Don’t let hackers crash your success party

Guest post by Prince Kapoor

No matter if you are managing a business or an application, solid security is not an option anymore. Businesses who consider security from the very start are able to make more reasonable decisions based on the sensitivity of the data involved. The type of data threats may change over the time, but the basics of data safety remain the same. This article will help you stop hackers from crashing your success party by providing some best practices when it comes to security.

Don't let hackers crash your success party

These best practices handle the vulnerabilities that could affect your business. Moreover, they will also deal with how you can decrease the risk they impose. So read on!


  1. Start with security:

From employee personal data to sensitive customer data, every part of your business holds some type of crucial information. You must start with security and include it in the decision making no matter which department you are talking about. By making a right strategy about which type of data you need to collect, how long will you need it, and who can access it, the risk of data compromise can be severely reduced. To that end,

Ask only relevant information:

Nobody can steal what you don’t have, right? So, when do you ask for your customer’s information? Most probably upon registration. When was the last time you analyzed the fields of your signup form? Are you asking for just the relevant information? Are you asking only that information that can help your business? If you are collecting unnecessary data, it will become more difficult for you to secure it. Always stick to the needed information.

Only keep the records as long as you need them:

It might be necessary to gather personal data from your customers, but keeping it once the deal is done is a bad idea. Not only will it violate the bank rules, but it will also pile up, increasing the responsibility to keep that data secure. The simplest way businesses can limit this risk is by safely disposing of this information as soon as the task is done.

  1. Restrict access to sensitive data:

Now that you have decided to collect only the right data, the next step is to keep it secure. Of course, you want it safe from cyber criminals, but what about your own employees? Not everyone requires access to this sensitive data. If any of your employees doesn’t require this sensitive data, they don’t need to have access to it. Moreover, you must also restrict administrative access; not everyone should be able to make changes in your system. Make sure the admin access is provided only to responsible persons.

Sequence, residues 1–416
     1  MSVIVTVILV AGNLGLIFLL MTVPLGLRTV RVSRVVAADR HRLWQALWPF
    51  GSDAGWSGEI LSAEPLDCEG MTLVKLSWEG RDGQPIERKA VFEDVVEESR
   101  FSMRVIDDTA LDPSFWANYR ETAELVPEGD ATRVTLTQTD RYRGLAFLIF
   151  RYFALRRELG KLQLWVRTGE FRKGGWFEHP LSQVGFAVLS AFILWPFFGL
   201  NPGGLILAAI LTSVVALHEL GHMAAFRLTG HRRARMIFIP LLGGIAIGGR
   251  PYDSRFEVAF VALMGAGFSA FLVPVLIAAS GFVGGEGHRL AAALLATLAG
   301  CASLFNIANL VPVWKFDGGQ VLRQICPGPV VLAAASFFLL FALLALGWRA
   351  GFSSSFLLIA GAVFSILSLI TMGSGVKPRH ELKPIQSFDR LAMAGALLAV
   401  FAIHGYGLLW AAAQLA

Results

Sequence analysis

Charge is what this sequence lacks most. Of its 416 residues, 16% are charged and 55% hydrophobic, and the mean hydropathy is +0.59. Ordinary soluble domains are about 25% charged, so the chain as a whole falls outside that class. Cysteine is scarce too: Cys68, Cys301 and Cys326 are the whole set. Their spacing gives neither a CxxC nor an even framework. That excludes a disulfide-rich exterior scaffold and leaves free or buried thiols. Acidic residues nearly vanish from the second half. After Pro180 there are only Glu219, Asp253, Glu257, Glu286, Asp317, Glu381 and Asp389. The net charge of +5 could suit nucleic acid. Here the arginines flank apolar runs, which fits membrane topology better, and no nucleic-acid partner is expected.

1. Impose strong authentication policies:

If you are dealing with sensitive customer data, it is a must for you to impose strong authentication policies. Strong password policies can ensure your data is accessed only by the authorized persons. Passwords like “123456” or “Password” are no better than no password at all. To that end, give some thought to your password policies. E.g. the social media giant Twitter allowed employees to use common dictionary passwords along with the passwords that are already being used by other accounts. This practice left the system vulnerable to hackers. But Twitter could have easily reduced the risk by imposing stronger password policies.

Moreover, once the user has created the password, it is your responsibility to store it securely. Storing credentials in plain text will make it easier for hackers to get access to it. The risk can be easily avoided by using password encryption policies.

Along with this, two-factor authentication can also be a wise choice here. Two-factor authentication increases the difficulty to access user accounts by adding up a supplementary factor. This additional factor can be something you know (password, a pin), something you have (OTP) or something you are (voice recognition, fingerprint recognition, etc.). While implementing 2FA, even if the hackers have your password, without the additional factor, they won’t be able to access your accounts.

  1. Secure data transmission:

Keeping your data safe within your system is a must-have. But, many times, you need to send that data somewhere else, too. To ensure security during storage and transmission, you need to adopt strong cryptography. This method may vary depending upon the information you collect, the way you collect it, and the way you process it. Based on the nature of your business, some of the popular methods include TLS/SSL (Transport Layer Security/Security Sockets Layer) encryption, iterative cryptographic hash, data-at-rest encryption, etc. But no matter which method you choose, it is always necessary to have a person responsible for implementing it. Make sure the designated employee understands how your business uses this data.

  1. Segment network and monitor access activities:

While designing your network, you should consider tools like firewalls which can help you segment the network. Segmenting the network limits the access between systems on your network. Not every system in your network needs to be inter-connected with the others. To help protect your sensitive data, you can house it in a different place on your network which is more secure.

Another way is to use intrusion detection and prevention tools to keep a check on malicious activities. An effective intrusion detection tool asks one question whenever it detects unauthorized activity; this question is “Who’s knocking on my door?” These tools analyze access activities and prevent unauthorized users from getting into your account.

In brief, security is no longer optional. In a world full of cyber criminals, if you are not taking proper measures, you are letting hackers crash your success party. Are you ready for that? If not, start taking the proper security actions right now!

Leave a Reply